5 Customer Retention Strategies that work for Small Business

5 customer retention strategies that work for small business 

If you own and operate a small business, you appreciate what hard work really is. You spend countless hours each week managing the daily operations, and with any time you have left you’re busy drumming up new business. What if there was an easier way to grow your business?  You already know what it takes to acquire a customer, but do you know what you need to do to retain them?

By definition customer retention is an assessment of a business that measures how loyal its customers are. Loyal customers are important to a business since satisfied, retained customers tend to spend more, cost less and make valuable references to new potential customers.

Successful retention starts with your first contact and continues through the lifetime of the relationship.

Customer retention will provide stability, recurring income and the ability to grow because you have a strong client base.  Isn’t that what is most important to you?

Current clients are your biggest assets. Here are a few ways to focus on your clients during and after their initial visit and keep them coming back for more.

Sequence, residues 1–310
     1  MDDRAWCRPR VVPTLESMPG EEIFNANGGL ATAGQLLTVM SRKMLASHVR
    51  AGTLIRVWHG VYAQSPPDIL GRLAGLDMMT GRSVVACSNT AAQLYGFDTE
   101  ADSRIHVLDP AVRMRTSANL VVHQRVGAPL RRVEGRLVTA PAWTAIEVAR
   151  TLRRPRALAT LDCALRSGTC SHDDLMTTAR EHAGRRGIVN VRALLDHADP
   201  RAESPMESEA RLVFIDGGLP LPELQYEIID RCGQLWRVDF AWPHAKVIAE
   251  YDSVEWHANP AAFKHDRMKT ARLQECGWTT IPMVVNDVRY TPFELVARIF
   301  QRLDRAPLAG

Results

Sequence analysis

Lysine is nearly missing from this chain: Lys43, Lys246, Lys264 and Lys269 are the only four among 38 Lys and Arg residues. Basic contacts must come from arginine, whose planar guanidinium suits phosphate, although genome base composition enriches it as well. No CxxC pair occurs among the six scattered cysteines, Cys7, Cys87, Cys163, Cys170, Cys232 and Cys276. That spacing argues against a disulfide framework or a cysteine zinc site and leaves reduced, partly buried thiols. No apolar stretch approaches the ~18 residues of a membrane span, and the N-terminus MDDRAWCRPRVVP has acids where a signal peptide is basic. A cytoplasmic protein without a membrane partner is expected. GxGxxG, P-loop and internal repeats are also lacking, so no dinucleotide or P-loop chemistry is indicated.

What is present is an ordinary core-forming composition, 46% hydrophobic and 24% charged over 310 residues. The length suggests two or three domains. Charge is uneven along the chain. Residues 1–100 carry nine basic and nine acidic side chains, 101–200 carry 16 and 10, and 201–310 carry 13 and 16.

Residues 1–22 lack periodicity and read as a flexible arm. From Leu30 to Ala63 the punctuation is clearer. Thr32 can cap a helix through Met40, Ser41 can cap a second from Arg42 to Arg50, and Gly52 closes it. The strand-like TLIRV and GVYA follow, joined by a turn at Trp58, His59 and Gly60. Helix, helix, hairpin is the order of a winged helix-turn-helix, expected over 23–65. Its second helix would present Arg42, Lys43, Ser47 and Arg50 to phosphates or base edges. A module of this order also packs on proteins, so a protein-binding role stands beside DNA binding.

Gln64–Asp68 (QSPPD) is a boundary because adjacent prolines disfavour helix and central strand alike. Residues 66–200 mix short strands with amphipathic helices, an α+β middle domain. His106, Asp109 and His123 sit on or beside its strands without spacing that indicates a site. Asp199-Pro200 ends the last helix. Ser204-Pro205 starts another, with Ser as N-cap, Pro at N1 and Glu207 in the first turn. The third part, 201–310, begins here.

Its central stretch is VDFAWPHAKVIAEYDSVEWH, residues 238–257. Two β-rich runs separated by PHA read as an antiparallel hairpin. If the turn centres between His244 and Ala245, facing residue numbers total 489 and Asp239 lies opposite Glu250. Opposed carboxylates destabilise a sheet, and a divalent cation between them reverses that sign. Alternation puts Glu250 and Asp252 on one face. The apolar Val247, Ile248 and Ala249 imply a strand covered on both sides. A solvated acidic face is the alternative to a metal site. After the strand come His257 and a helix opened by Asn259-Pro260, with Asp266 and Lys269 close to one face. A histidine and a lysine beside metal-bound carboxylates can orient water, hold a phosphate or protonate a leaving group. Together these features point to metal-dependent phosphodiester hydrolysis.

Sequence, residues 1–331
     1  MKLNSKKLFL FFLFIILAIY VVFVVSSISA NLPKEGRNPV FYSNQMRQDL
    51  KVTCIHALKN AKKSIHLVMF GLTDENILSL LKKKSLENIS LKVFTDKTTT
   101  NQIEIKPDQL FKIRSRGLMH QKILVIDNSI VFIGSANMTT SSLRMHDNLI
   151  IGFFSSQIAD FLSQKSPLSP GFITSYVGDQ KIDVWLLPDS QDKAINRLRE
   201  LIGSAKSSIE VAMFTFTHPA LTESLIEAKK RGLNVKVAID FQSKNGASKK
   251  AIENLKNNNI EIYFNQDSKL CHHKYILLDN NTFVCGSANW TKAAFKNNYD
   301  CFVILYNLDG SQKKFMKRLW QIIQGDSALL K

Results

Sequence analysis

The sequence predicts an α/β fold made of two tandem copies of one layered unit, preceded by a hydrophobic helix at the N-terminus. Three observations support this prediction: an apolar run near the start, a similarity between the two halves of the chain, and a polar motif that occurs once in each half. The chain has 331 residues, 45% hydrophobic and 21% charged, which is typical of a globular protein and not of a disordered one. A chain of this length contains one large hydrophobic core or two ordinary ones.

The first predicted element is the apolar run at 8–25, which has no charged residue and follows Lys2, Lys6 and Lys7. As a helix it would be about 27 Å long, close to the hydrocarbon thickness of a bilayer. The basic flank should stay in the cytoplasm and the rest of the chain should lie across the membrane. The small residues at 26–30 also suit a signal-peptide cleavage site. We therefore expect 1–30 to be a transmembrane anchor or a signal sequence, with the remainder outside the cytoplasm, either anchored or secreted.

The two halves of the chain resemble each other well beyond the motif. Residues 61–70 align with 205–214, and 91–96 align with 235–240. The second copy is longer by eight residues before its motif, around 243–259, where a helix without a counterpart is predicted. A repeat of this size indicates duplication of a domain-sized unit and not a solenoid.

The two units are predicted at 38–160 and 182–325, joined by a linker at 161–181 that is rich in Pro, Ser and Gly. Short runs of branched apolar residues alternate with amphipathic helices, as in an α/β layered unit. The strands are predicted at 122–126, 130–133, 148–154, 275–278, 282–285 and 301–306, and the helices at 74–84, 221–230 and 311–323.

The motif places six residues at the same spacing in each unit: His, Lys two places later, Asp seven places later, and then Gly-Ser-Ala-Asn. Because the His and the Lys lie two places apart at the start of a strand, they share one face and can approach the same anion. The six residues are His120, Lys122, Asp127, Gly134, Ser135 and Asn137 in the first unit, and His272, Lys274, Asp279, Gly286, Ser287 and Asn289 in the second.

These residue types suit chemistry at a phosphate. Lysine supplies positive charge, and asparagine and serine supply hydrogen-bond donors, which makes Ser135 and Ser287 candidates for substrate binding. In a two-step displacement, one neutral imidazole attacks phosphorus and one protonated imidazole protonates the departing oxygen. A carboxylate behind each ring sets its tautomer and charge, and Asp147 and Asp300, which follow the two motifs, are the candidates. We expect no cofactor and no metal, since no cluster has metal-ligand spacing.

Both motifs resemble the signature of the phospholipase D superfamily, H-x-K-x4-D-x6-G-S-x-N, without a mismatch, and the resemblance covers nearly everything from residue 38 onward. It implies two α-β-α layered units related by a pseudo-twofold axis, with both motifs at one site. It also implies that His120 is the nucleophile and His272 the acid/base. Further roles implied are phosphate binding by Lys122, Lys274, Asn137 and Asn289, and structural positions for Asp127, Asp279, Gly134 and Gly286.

1. Loyalty programs

Have you ever seen a promotion for a business you frequent and wonder why as a current customer you can’t have the “new” customer discount? It can be irritating to existing customers. And if you’re always irritating your existing customers, you can’t ever expect to make long-term loyal customers out of them. We recommend re-evaluating this practice if it’s part of your sales arsenal. Instead, shift your efforts towards building a loyalty program where every promotion you offer applies to both new and current clients. Consider starting a client referral program where individuals can be rewarded for their recommendations to your business. You’ll find your clients can be excellent spokespersons via word-of-mouth advertising for your business. Get the most out of both programs by combining them. People who participate in loyalty programs are more likely to talk about your business to their connections because they feel more invested in its success.

2. Ask for client feedback and do something productive with it

As a self-employed professional running your own business, your reputation is everything.

Keeping a pulse on how clients perceive the service you provide is something that must be done on a routine basis. But don’t just send out a survey to check off the box. You will gain more value from the exercise by collecting the information and then sharing key results back with your clients. Tell them how you will be making certain adjustments to your business based on their feedback. For example, you may get feedback from clients that they have a hard time fitting in appointments in during the week. You might begin offering Saturday morning appointments. This would also give you an opportunity to follow-up directly with the clients who offered that suggestion. Let them know you value their input and you are willing to make the change and see how it goes. These types of follow-up conversations will strengthen your clients’ loyalty to your business. This continuous process improvement and feedback loop will keep clients engaged knowing that their ideas are appreciated and are causing positive change.